U.S. Department Of Labor Lawsuit Seeks Unpaid Wages and Liquidated Damages for 51 Health Care Employees
NEW HAVEN, CT – Following an investigation by its Wage and Hour Division (WHD), the U.S. Department of Labor has filed a federal lawsuit to recover unpaid overtime wages and an equal amount in liquidated damages for 51 current and former employees of Care at Home LLC of New London, Connecticut. Filed in the U.S. District Court for the District of Connecticut, the suit alleges that Care at Home LLC and its co-owners Daniel Karp and Suzanne Karp violated the overtime and recordkeeping requirements of the Fair Labor Standards Act (FLSA) when they paid straight time instead of overtime to health care workers who worked more than 40 hours per week.
In addition, WHD investigators found that the defendants improperly deducted $33 per day from the employees’ wages for food and housing expenses, from January 2016 through at least October of 2016. The housing deductions created violations because the employees were often required to spend the night at the client’s home, primarily for the benefit of the employer, and because the employer failed to maintain accurate records substantiating the cost of the furnished lodging. The employers also failed to maintain records of food costs. The law limits the deduction employers may make to $10.88 per day absent records substantiating a higher deduction.
The suit also alleges that the defendants failed to record the times when employees began and ended work, and when clients’ needs interrupted their sleep. Recording of sleep interruptions is necessary because, among other reasons, if interruptions are so frequent that the employee cannot sleep without interruption for 5 hours, the entire sleep period must be considered paid work time. On the facts found during this investigation, WHD credited 8 hours per day for sleep time for each 24-hour period worked.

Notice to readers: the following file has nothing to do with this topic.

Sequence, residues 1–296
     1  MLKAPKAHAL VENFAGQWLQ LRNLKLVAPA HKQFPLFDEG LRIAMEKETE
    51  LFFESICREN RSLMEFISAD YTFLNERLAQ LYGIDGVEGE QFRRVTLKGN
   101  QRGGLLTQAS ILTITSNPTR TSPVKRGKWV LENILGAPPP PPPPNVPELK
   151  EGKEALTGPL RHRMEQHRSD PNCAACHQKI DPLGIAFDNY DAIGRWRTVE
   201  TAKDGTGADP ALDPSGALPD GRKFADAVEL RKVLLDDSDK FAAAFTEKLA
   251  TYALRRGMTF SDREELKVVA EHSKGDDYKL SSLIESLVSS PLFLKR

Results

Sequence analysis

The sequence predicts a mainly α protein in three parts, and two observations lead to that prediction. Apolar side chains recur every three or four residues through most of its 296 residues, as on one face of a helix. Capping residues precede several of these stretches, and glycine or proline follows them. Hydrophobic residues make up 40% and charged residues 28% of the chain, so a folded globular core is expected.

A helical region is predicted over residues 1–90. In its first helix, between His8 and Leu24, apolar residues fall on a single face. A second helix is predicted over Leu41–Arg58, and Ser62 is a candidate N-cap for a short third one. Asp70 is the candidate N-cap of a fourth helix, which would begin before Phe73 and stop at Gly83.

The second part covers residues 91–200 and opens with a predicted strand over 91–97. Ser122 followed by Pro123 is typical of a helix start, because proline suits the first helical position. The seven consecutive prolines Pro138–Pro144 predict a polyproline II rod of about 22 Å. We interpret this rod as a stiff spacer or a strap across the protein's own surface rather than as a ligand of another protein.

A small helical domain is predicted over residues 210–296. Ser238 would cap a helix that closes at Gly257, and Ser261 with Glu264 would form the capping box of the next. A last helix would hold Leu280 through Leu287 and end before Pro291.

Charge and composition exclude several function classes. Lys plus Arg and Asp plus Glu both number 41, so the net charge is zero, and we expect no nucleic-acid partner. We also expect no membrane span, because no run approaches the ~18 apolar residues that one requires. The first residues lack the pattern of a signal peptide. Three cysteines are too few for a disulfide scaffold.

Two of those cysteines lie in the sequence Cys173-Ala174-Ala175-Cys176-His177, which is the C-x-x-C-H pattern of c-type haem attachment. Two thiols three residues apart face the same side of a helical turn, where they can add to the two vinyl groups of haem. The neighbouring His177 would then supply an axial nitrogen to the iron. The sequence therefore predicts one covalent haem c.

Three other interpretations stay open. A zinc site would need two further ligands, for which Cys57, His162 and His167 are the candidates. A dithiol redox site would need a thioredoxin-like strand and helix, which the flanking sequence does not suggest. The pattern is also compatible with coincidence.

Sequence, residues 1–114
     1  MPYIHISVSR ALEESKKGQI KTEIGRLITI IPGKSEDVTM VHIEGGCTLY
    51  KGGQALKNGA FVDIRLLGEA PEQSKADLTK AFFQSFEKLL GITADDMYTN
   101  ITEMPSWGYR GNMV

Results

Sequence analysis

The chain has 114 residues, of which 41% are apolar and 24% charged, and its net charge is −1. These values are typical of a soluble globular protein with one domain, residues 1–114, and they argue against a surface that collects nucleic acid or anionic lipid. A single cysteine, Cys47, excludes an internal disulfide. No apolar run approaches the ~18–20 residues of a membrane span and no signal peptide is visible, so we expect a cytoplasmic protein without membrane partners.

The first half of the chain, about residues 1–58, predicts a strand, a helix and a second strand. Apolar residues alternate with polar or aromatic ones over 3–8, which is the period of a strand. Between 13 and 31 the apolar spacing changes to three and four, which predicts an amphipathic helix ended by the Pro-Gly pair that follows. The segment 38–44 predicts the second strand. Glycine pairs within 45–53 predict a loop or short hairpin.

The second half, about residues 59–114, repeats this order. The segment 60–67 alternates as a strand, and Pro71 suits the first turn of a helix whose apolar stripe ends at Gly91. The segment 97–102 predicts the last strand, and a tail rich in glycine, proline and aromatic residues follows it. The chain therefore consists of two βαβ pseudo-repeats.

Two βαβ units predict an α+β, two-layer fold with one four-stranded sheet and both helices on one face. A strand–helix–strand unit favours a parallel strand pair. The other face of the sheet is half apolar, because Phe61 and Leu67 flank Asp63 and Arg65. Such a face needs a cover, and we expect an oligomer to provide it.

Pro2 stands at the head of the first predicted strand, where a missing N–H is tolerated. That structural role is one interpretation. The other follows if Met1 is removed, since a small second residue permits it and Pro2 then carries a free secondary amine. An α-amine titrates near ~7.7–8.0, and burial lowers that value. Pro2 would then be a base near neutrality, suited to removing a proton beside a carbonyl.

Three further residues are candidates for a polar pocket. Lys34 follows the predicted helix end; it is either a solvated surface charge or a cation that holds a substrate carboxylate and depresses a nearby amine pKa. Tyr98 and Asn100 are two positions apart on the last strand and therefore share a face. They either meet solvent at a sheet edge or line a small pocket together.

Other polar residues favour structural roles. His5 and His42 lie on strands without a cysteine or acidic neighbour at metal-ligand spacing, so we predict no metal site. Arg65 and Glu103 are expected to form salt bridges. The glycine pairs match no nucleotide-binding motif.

“The Wage and Hour Division will conduct investigations and collect back wages and liquidated damages, when appropriate, to ensure employers comply with the requirements of the law,” said David R. Gerrain, Wage and Hour Division District Director in Hartford. “We encourage employers to make use of the many tools we offer to explain their legal responsibilities.”
“An employer’s failure to pay required wages and to maintain complete and accurate records short-changes its employees and puts law-abiding employers at a competitive disadvantage,” said Michael Felsen, Regional Solicitor of Labor in Boston. “The U.S. Department of Labor will continue to use appropriate legal resources – including lawsuits, when necessary, to protect employees and to ensure a level playing field for employers.”
Care at Home LLC is a third-party employer that provides personal care services to aged and infirm clients in private homes and assisted living facilities.
WHD’s New Haven Area Office conducted the investigation. Senior Trial Attorney Theresa Schneider Fromm of the Boston Regional Office of the Solicitor is litigating the case for the Division.
For more information about the FLSA and other laws enforced by the Wage and Hour Division, contact the Division’s toll-free helpline at 866-4US-WAGE (487-9243). Information is also available at https://www.dol.gov/whd including a search tool to use if you think you may be owed back wages collected by the Division.
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Acosta v. Care at Home LLC, doing business as Care at Home, Daniel Karp, and Suzanne Karp
Civil Action Number: No. 3:18-cv-00711-AWT